2016: English dream trip, 2016: Samantha's humble tour, europe: england, from the united kingdom of awesome, mobile blogging: please forgive any (temporary) typos, Photography: iphone, photography: nature, photography: places
My English Dream Trip has been thus far glorious in so many ways, not least in the sheer number of iconic and coveted (in my mind) places I’ve seen, heard, touched, smelled, tasted, and breathed in over the last fortnight. But today was exceptionally special and magical, because I finally turned into reality a very old dream I’ve dreamt, doubtlessly shared by dreamers across the world. This particular dream was felt dreamt (though I was non-the-wiser at the time) in 2004, when my 16-year-old self was first introduced to BBC’s 1995 Pride and Prejudice, with Colin Firth as Mr Darcy. Undoubtedly, when the episode first aired almost a decade earlier, the same dream asserted its place in countless hearts, which remained helpless to the lure of a single wet shirt. I was similarly captivated, and it could very well be said that the series was a contributing factor to my love of literature, English history and culture, and the nineteenth century. Without watching Pride and Prejudice, I probably wouldn’t have read Jane Austen relatively early in my life; and without Jane Austen, I wouldn’t have written Regency Love, or pursued an MA in Romantic and Victorian Literary Studies, or comelettes a PhD in Shakespeare studies on a scholarship.
In short, without the BBC’s Pride and Prejudice, I would have had a completely different life.
And even back in my teenage years, I discovered that the real-life estate is called Lyme Park, and that it was in England. But that was that–my untraveled, Chinese-Australian fangirl mind didn’t have the capacity or opportunity to know any more.
Except that I wanted a Pemberley cake for my 21st birthday. Of that, I was fairly certain.
Today, however, the dream became real. No longer the soft, sweet dream I could only dream, but the solid, somewhat wet reality of the ground beneath my feet and the stunning sight before my eyes.
The day began with rain and dark prospects, but I was neither dejected nor deterred. There is nothing more steadfast than a dream with heart, and nothing more beautiful than that dream made real. Even as the clouds gathered and the rain fell, I was in rapture. I was finally at Pemberley.
Before I start fangirling/raving about the sheer beauty and magnificence of Lyme House and Park, I must acknowledge the incredible volunteers (over 600!) who make Lyme one of the best places I’ve visited in all my travels. There volunteers are helpful, knowledgable, friendly, and, above all, passionate—it was so evident they love what they do, and it is due to their hard work and willingness to share their skills and expertise that I had such an amazing experience. Although I didn’t know the names of all the volunteers I encountered, I was very grateful indeed towards Susan (who welcomed me, and lent me a bright orange umbrella with “Mr Darcy got wet at Lyme Park, but I’m keeping dry”), the lady who gave me a lift up the long driveway, the gentleman who gave me a ride back to the main gates, the numerous wonderful folks who imparted their knowledge and took photos of me, and, last but not least, the excellent wardrobe team, who turned me into an Edwardian lady.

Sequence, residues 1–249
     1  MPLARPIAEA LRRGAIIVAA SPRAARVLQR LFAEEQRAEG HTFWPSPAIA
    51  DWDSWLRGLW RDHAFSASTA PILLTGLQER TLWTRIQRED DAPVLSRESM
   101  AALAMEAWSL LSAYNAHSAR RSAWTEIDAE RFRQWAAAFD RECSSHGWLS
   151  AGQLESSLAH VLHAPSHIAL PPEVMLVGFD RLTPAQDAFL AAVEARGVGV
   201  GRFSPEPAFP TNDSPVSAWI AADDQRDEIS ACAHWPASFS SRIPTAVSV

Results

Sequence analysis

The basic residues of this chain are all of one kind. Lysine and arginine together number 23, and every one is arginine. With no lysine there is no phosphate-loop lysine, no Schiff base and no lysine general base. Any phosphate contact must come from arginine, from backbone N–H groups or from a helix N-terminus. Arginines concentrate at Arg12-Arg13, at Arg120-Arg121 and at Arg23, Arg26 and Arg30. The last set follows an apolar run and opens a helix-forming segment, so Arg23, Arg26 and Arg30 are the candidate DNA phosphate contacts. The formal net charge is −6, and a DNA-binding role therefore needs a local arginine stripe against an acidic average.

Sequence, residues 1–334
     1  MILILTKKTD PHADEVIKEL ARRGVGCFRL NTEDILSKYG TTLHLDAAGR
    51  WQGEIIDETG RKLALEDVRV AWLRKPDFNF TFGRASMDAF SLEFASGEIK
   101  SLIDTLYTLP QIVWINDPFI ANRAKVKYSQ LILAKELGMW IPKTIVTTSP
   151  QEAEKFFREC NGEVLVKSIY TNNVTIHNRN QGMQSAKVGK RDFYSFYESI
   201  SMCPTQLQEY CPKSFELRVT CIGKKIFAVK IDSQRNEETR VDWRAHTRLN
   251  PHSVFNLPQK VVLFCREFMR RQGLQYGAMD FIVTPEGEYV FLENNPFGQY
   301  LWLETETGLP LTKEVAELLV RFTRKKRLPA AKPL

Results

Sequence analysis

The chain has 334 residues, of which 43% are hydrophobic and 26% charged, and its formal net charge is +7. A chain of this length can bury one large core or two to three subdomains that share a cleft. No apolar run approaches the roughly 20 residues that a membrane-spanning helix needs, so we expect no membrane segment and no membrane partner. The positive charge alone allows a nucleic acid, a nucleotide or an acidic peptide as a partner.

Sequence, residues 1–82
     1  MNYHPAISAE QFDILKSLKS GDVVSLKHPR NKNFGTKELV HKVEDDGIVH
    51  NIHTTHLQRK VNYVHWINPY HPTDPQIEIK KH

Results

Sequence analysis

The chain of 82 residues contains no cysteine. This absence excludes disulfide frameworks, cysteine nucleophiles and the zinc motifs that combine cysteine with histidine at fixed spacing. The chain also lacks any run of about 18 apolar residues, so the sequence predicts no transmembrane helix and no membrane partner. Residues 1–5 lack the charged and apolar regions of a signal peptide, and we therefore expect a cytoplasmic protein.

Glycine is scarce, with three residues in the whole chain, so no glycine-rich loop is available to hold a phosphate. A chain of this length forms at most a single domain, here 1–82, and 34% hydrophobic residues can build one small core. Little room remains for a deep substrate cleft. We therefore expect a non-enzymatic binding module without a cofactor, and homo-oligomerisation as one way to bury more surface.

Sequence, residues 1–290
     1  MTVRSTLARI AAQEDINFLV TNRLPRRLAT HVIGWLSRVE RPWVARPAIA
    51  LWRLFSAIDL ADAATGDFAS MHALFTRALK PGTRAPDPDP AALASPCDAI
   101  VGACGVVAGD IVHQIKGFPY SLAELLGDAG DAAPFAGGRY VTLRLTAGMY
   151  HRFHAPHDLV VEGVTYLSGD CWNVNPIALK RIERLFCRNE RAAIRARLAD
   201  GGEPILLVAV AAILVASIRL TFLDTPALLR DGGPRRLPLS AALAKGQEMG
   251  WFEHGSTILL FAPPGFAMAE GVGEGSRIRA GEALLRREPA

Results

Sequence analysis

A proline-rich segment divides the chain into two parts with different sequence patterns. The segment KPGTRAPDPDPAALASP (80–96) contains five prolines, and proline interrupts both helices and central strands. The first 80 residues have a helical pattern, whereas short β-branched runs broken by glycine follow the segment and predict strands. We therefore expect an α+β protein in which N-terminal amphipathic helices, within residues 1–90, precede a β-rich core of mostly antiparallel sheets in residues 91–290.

Yes, I got to walk around “Pemberley” as a gentlewoman, and it was fabulous. There should be a rule for every historical house/manor/castle/other shiny to dress the visitors, because the resulting experience was just incredible. The mere tactile sensation of wearing gloves and holding an umbrella/parasol (I never used it, so I never found out its capabilities) changed the way I walked around the estate, while my hat framed the way I viewed the world.
And now, here are some of the kazillion photos I took today.
Objectively speaking, my journey onwards was a bit of a disaster due to Disley train station being out of operation, and heavy rain and floods causing further disruption in the Midlands. In order to get to my next destination (Stratford-upon-Avon), I walked back to the b&b to pick up my suitcase, caught a taxi back to Lyme Park (£3.50), was given a lift into Stockport station by a kind lady called Eleanor who’d overheard my dilemma at the cafe where I had lunch (£5.50), took my two trains to Stratford-upon-Avon (£14.80), waited quite a while for my second train due to aforementioned issues, and caught another taxi to my hotel (£7.70). I left for my travels from Lyme Park at 3:35pm, and arrived at my Stratford-upon-Avon hotel (the New Inn; £49 per night) just before 9pm. The gentleman who checked me in took my dinner order, and was basically a star, making me incredibly happy with game soup and veggies (£4.50), profiteroles for dessert (£2.50), and a glass of Sangiovese I’m currently sipping (£4.05).
But that was just the cherry on the cake—I am already floating on my Pemberley-shaped cloud, and will for a long time to come (even if my Regency high might soon be tinged with a healthy dose of Shakespeare love). My dream has been dreamt, nurtured, expanded, realised, and lived.
Food & drink: £16.55
Tickets: £9.90 (worth every penny)
Walked: 13,740 steps; 9.43km